Dawes, hailing from Los Angeles, emerged in 2009, part of a wave of urban Americana bands, including Blitzen Trapper (Portland, OR), Avett Brothers (Charlotte, NC), and Mumford & Sons (London, UK), among others. From their debut album, North Hills, the band mined a classic country-rock/folk-rock sound and earnest lyricism reminiscent of various 70’s titans, most ostensibly Jackson Browne. While the band has remained stylistically consistent over their five studio recordings, their use of production has evolved, perhaps radically; their first two albums, and possibly their third, highlighting a rawer, less treated sound, instrumentation remaining “pure,” the use of (post-recording) effects minimal. 2015’s All Your Favorite Bands, while featuring what might have been the band’s best songwriting set to date, also introduced a heightened reliance on production; i.e., chorus and compression, resulting in a slicker and smoother sound.
Production effects play an even more significant role in the band’s new release, We’re All Gonna Die. Taylor Goldsmith, who has written or co-written most of Dawes’ songs, including the ten current tracks, continues to display a skill for lyricizing homespun wisdom and existential quandaries to which most listeners can immediately relate. The songs on We’re All Gonna Die, while not the band’s strongest, are at least intermittently engaging, even if the production effects occasionally play too prominent a role. This album ultimately marks a deeper foray into 70’s Americana, albeit combined with a further study of early/mid 80’s production approaches; i.e., Steve Miller collaborating with the Cars, perhaps America stepping into a studio with The Fixx.
The opening track begins with a riff that wouldn’t be out of place in a Warren Zevon or Don Henley tune, perhaps even a Thriller-era Michael Jackson or Sammy Hagar/Van Halen song, Taylor Goldsmith’s voice drenched in dry (compressed) fuzz. The second track, the title song, is reminiscent of the Eagles, circa The Long Run. Goldsmith sings:
I need to know your secret
I’m asking you for help
How do I fall in love with anything
Like you seem to do so well?
Track three, “Roll with the Punches,” offers one of the more memorable hooks of the album, the instrumentally simple verse seguing into “You just roll with the punches / Until you can’t feel a thing”—in terms of effective verse-chorus dynamics and crafting of hummable hooks, more in line with various tracks from All Your Favorite Bands. Ditto “Less Than Five Miles Away,” the ringing acoustic in the background and Goldsmith’s falsetto reminding me of Freedom-era Neil Young. Griffin Goldsmith’s snappy and compressed drums, alternately intriguing and distractive, sustain the atmospheric reference to 70’s and 80’s recordings, while additionally offering, perhaps, a tip of the hat to contemporary electronica.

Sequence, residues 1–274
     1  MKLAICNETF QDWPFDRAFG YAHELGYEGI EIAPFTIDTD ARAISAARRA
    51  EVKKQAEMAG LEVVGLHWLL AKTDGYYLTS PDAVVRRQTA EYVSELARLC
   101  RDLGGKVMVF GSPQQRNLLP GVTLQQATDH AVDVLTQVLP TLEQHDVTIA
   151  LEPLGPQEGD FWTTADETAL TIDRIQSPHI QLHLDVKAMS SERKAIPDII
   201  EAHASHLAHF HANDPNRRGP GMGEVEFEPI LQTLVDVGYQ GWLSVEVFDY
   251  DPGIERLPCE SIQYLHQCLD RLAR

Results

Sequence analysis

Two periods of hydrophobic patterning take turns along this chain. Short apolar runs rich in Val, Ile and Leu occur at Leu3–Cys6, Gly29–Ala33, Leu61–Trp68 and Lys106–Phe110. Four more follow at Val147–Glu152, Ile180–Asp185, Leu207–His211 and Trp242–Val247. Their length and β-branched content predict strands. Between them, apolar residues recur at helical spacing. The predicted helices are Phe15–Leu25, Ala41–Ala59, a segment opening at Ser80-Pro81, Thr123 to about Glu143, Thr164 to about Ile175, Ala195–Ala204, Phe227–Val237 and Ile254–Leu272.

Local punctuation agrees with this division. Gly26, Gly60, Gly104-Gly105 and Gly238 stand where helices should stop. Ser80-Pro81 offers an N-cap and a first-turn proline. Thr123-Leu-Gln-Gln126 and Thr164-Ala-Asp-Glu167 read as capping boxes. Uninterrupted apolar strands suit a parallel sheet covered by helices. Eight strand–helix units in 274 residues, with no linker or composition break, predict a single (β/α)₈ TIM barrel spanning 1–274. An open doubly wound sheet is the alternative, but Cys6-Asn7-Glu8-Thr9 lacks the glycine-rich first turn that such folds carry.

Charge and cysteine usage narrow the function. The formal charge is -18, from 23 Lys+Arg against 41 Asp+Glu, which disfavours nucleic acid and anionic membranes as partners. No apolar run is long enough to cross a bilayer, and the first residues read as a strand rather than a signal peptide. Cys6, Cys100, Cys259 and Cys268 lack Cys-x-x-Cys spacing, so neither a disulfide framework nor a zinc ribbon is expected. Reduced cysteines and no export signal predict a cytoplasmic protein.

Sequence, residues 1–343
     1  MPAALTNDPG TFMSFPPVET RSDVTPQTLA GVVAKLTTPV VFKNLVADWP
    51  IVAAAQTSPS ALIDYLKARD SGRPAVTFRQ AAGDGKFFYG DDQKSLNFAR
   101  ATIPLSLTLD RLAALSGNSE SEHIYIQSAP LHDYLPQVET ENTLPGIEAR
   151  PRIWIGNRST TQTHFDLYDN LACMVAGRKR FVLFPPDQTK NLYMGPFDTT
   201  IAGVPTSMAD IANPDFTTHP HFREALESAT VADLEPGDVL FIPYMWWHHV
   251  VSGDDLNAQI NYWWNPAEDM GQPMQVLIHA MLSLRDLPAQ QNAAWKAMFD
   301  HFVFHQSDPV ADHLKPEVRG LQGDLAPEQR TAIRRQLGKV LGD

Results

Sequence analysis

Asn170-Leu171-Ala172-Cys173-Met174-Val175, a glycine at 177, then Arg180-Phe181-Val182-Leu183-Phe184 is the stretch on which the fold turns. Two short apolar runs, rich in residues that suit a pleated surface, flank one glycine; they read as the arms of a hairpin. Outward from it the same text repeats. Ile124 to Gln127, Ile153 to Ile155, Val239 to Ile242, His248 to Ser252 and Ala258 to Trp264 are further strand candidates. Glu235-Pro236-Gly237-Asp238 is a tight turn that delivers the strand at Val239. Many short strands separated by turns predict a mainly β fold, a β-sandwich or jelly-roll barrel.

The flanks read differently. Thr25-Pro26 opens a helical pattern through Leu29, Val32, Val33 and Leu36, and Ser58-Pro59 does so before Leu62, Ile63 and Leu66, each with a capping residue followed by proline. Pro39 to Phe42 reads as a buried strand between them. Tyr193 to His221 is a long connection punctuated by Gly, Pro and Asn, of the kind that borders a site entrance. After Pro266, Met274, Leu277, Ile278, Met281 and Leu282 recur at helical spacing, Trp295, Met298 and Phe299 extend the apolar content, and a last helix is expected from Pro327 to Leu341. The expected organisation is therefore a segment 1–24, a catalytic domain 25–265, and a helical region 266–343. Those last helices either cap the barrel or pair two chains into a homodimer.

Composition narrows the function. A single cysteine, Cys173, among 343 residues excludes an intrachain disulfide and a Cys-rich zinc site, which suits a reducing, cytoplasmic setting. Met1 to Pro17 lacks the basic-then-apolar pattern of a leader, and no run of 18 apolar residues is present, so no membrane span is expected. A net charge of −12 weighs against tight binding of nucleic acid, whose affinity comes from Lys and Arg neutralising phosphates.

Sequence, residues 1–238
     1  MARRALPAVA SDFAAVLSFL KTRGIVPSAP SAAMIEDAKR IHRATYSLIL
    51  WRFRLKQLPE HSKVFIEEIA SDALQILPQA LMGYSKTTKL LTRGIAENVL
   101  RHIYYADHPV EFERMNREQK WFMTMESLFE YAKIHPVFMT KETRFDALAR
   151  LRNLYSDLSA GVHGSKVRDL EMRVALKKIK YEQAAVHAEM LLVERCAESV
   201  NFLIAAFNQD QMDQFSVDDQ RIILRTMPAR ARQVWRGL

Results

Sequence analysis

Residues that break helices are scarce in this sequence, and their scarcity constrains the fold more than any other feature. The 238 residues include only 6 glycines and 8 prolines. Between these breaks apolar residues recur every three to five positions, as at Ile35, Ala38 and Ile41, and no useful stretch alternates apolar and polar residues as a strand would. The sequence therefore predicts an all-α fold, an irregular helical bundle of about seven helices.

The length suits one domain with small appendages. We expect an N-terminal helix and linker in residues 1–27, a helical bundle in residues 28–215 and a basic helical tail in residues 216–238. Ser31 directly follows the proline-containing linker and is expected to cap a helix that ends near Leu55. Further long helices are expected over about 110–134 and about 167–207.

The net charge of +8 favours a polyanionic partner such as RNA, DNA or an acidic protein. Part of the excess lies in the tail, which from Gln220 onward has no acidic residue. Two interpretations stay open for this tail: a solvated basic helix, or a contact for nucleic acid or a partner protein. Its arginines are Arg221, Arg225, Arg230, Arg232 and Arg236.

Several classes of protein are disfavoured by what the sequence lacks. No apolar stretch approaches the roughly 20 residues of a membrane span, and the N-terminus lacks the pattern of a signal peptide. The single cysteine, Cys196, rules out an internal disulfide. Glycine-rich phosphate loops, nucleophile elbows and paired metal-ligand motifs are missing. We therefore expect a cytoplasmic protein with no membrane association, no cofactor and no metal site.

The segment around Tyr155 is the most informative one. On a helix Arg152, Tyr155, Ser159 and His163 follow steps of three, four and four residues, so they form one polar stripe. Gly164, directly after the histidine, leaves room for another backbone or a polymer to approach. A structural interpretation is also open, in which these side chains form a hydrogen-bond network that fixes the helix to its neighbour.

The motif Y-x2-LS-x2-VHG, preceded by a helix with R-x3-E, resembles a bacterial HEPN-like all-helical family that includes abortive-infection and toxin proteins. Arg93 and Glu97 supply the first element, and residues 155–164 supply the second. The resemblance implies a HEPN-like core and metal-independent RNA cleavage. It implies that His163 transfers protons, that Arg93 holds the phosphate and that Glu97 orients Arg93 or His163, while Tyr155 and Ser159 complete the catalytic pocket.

“For No Good Reason” also stands out as a substantial track, offering a winning instrumental intro that recurs between choruses and verses, the song conjuring a more sentimental Tom Petty, circa Wildflowers:
Maybe it’s some cold dark truth that makes her cry
Maybe it’s an ancient past-life memory recalled
Maybe it’s a chemical that got in her eye
Maybe it’s for no good reason at all.
“Quitter” is melodically enrolling, even if its trendy aphorisms are slightly cliché; driving rhythms and segues bathed in ringing distortion aspiring toward the anthemic: “You’re gonna have to quit everything / Until you find one thing you want.”
While there’s much to appreciate on We’re All Gonna Die, I question the band’s use of production options, especially when these treatments compromise the emotionality of the songs, at least some of which would have benefited from being placed in a more natural/less glossy sonic atmosphere (hello, Rick Rubin). Also, the songwriting frequently falls short of the level achieved on previous albums, particularly All Your Favorite Bands. We’re All Gonna Die probably won’t corral new listeners, but let’s hope it doesn’t alienate established fans.